On Tuesday I commented on the by the Welsh Government to allow Welsh local authorities would be able to choose their own voting systems.
I was sceptical over whether it would work , writing that
I am not sure if allowing councils to choose their own voting system is right , is Mr Drakeford proposing we have different systems in Gwynedd and Merthyr? it seems that it will be used by some councils particularity Labour run ones to preserve their hegemony and the only move is when they temporally lose power and a different party take the opportunity to change the rules.It something that John Dixon over at Borthlas went into
In theory, it’s possible that council areas could end up see-sawing between voting systems, depending on whether the ruling group after any given election was for or against STV. In practice, I suspect that getting a sufficient majority under STV to reverse a decision to adopt it will be a much harder task than getting a majority under FPTP to adopt STV. In short, any changes are likely to flow in only one direction.Some commenters seem to assume that where those parties in favour of STV are in power (essentially, Plaid and the Lib Dems), the change will be made, and where they’re not, the councils will remain under the FPTP system. I suspect that’s rather an oversimplification, because of the way that STV plays out in different types of area. As far as the Lib Dems are concerned, their influence in Welsh local government at the moment is so limited that consideration of their position is largely irrelevant, although that may change in the future, of course. The position of Plaid is rather more complicated.As he pointed out although Plaid appear to be strongly in favour of STV
The councils where Plaid is either in control or the leading party (Gwynedd, Carmarthen, Ceredigion) are all essentially rural counties, and there is a feeling in many areas that existing single member wards are already geographically large. Combining three or four existing wards into single much larger new wards is unlikely to be popular, even assuming that the seemingly relentless pressure to reduce the total numbers of councillors ceases. It is likely to make councillors appear even more remote from the people they represent.It’s not an argument which sways me against STV; even recognising the difficulties, I still favour STV because I believe that it produces a fairer and more democratic result. But it would be naïve to think that individual councillors who have been elected on the basis of their support and activity in one area are suddenly going to enthuse over the possibility that they will have to fight elections in a much bigger area where they are considerably less well-known. And council groups are composed of dozens of such individual members – persuading those groups to adopt the change may not be entirely straightforward.So, whilst in principle I welcome the way in which the Labour government in Cardiff has opened the door to a more democratic system of voting, I’m not going to hold my breath in expectation that it will be adopted anywhere. And for Plaid, for whom this probably looks like something of a concession, it may turn out to be more of a curse than a blessing, if they can’t actually get their groups in the relevant areas to implement it.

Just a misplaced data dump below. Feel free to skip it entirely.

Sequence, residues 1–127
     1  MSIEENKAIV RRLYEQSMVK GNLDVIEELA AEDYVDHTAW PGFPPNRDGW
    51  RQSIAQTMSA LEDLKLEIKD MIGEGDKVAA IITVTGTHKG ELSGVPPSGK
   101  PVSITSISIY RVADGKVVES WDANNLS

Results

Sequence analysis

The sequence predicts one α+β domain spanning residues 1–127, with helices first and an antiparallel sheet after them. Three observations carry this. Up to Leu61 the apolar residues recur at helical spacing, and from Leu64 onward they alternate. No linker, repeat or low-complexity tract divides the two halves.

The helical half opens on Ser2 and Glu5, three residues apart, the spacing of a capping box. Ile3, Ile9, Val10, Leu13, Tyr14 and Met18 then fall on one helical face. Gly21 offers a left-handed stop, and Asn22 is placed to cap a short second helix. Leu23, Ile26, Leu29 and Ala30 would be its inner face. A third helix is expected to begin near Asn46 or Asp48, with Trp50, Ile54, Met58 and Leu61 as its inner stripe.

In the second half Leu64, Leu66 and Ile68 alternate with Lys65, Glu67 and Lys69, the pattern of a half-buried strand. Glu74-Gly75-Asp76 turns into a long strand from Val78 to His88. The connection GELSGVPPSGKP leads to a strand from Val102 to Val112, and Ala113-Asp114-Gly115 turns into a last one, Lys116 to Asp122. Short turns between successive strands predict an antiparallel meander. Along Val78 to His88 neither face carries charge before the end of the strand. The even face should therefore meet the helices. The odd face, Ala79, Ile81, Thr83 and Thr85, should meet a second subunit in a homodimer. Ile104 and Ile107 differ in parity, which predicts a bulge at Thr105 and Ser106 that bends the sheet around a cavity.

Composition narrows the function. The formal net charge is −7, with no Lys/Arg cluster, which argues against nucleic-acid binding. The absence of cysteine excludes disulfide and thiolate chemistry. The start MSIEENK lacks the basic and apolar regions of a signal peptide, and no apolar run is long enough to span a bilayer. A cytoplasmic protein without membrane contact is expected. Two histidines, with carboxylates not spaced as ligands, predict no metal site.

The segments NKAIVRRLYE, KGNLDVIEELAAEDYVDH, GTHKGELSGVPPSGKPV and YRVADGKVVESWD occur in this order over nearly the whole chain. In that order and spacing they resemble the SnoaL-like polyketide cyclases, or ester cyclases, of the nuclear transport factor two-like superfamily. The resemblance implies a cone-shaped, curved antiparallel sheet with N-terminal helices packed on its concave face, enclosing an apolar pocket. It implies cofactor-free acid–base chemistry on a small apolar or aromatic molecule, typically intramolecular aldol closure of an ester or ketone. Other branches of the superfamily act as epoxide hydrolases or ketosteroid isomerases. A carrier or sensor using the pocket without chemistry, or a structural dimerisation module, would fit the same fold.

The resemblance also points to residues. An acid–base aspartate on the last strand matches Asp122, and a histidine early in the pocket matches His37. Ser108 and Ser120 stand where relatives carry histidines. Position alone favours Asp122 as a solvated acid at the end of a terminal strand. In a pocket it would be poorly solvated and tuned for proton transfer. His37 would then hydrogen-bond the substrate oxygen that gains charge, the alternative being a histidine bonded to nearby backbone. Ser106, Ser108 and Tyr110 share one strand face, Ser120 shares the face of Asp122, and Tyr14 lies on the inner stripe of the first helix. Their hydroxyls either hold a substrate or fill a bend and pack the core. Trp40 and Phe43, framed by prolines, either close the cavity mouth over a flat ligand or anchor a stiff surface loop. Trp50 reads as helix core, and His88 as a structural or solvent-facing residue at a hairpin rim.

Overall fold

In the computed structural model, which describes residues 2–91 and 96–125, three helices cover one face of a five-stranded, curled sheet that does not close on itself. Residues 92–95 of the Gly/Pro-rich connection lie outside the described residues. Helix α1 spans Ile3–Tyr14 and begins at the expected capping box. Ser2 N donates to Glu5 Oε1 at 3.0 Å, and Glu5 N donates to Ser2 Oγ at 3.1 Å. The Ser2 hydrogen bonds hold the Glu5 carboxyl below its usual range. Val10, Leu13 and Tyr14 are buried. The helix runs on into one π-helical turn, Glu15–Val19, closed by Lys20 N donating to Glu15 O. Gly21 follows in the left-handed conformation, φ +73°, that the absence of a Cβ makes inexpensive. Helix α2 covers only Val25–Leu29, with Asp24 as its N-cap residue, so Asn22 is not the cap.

Changing your view on PR is something that seems to happen when a opposition party win power.
Recent Canada Prime Minister Justin Trudeau broke a significant campaign promise to reform the country’s electoral system, in a move an opposition party called a “betrayal.”
Trudeau on Wednesday told Minister of Democratic Institutions Karina Gould that there were no longer plans to overhaul the country’s electoral system, abandoning his 2015 election campaign promise that Canada would have a new voting system by the 2019 election. He said there was no clear consensus on establishing a new voting system.
“There is no consensus on how, or even whether, to reform our electoral system,” he said in the House of Commons during Question Period, the Toronto Star reported.
Trudeau in 2015 vowed to change the current first-past-the-post voting system, which generally benefits conservatives who vote in a block for the Conservative Party of Canada, and leaves out smaller and more liberal parties. Trudeau himself is the leader of the Liberal Party.
The opposition New Democrats said Trudeau lied to progressive voters when he made the promise during his campaign.
“What Mr. Trudeau proved himself today was to be a liar,” New Democratic party member of parliament Nathan Cullen told reporters, according to Reuters.
We have an example of how STV works in local authority elections (specifically) including rural areas in Scotland and Ireland .
I suggest that we paid some interest in how it works in both,